The view from the top was breathtaking, but it was hard to enjoy it too much, knowing I still had to make my way down. I scooted down the whole way on my butt, stopping to panic again in about the same spot.
It was not the most graceful I’ve ever been, but at least I had an audience of 6 other hikers who stopped and sat down to watch. I’d love to say that I’m glad I did it, and it was worth it in the end, but nope. I think it was dumb. No view is worth risking falling off a mountain! Brian disagrees. People clearly climb up it, there were a few footholds carved into it, but it wasn’t established enough of a trail to make me comfortable that it was safe.
Death Valley has had native people living in it for thousands of years. There are petrogylphs remaining. In the 1800s, during the gold rush in California, homesteaders and miners came through the area, and it was used for mining. Some silver mining was done, and they made charcoal in kilns to use in the smelters. Ten 25 foot high kilns were built in 1877 and only used for a couple years.
Borax was mined in Death Valley starting in the 1880s. We went to a ranger talk at Harmony Borax Mine. Before it started, Brian questioned whether I really wanted to listen to a talk about Borax mining. It is surprising that I voluntarily seek out things that I would’ve found so boring if my parents had made me do them as a kid. It was an interesting talk! We learned that ’20 Mule Team Borax’ was transported out of Death Valley on wagons pulled by 18 mules and 2 horses, and the trip took 30 days round trip. It’s hard to believe it took so much work to make laundry detergent.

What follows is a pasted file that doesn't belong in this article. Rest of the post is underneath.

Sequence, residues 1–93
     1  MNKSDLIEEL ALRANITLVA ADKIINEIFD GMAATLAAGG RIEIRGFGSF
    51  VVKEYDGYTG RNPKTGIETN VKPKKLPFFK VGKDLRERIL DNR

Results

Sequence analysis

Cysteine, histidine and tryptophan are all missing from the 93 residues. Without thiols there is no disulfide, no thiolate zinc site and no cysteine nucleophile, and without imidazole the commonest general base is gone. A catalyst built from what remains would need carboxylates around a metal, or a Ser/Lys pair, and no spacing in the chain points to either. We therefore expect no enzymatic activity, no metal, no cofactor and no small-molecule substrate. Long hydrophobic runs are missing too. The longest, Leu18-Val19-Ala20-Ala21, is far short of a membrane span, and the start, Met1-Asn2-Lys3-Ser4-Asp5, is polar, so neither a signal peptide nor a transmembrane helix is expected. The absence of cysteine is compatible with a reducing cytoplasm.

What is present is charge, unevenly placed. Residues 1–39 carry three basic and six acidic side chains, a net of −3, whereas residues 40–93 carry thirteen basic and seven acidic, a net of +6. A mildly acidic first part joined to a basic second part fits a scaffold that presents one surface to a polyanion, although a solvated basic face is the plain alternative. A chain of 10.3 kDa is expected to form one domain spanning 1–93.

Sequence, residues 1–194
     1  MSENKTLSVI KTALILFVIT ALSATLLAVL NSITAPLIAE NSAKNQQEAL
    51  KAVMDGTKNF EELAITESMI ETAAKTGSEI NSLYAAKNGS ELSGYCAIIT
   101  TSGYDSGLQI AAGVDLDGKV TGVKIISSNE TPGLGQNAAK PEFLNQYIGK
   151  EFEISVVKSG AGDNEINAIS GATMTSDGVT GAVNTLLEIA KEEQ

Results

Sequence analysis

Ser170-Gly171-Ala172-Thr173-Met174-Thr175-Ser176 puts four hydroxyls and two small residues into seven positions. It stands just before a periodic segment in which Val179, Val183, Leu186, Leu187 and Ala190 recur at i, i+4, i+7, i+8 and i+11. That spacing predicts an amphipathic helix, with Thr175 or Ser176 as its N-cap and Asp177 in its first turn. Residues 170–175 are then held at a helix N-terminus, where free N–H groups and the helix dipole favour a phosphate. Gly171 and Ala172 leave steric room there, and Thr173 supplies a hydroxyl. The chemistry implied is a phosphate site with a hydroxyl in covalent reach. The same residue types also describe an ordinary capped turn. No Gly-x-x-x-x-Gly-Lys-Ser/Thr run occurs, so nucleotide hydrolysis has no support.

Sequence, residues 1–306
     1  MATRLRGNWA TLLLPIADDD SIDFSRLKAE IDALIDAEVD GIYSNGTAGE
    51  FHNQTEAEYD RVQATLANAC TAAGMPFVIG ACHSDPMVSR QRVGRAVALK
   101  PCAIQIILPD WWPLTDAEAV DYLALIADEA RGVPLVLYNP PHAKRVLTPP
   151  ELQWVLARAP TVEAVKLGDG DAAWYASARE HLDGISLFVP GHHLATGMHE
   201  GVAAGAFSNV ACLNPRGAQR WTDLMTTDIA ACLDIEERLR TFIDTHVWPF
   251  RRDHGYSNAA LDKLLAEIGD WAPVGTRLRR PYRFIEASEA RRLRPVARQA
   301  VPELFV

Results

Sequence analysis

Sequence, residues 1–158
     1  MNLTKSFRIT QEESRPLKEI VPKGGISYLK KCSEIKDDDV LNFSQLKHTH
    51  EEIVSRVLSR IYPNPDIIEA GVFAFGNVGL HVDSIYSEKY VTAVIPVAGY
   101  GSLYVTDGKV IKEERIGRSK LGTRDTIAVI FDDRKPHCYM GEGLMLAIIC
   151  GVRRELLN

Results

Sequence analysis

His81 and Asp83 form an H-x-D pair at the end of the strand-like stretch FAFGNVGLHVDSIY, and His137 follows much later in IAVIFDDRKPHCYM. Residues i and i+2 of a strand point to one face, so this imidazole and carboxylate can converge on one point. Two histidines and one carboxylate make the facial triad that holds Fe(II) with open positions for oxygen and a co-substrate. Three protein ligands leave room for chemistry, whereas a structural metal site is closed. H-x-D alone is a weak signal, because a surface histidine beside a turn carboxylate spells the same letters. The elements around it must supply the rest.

We drove on the unpaved high clearance road through Warm Springs Canyon. It was about 14 miles out to the remains of a White Point Mine, and we saw burros on the way. The mine remains were interesting to see, but it’s surprising that when a mine closes, they don’t have to remove everything.
Aside from the burros, and some lizards, the only other wildlife we saw were the endemic Salt Creek Pupfish. A boardwalk took us passed the creek, and the fish that live there are tiny, only about an inch long. They live in this one extremely isolated shallow creek, and can survive the large range of winter and summer temperatures.
We also drove Titus Canyon road, an unpaved, thankfully one-way road. It climbs up a plateau, and over Red Pass (where the dirt is red), and down into Titus Canyon. Tall walls came up around us, and there was barely room for a car to make it through. It’s hard to believe the canyon is passable by car.
After driving Titus Canyon road, we ended up in the middle of the park, so we went north to see Ubehebe Crater. The view from the parking lot was so nice, and the wind had picked up again, so we skipped the hike around the crater’s rim.
We spent about five days at Death Valley, and we filled long days to see as much of it as we could. We were amazed at not only the vastness of the park, but also the beauty. Every direction had towering mountains on the horizon and something fascinating right in front of us.
Day 537| Mile 58,450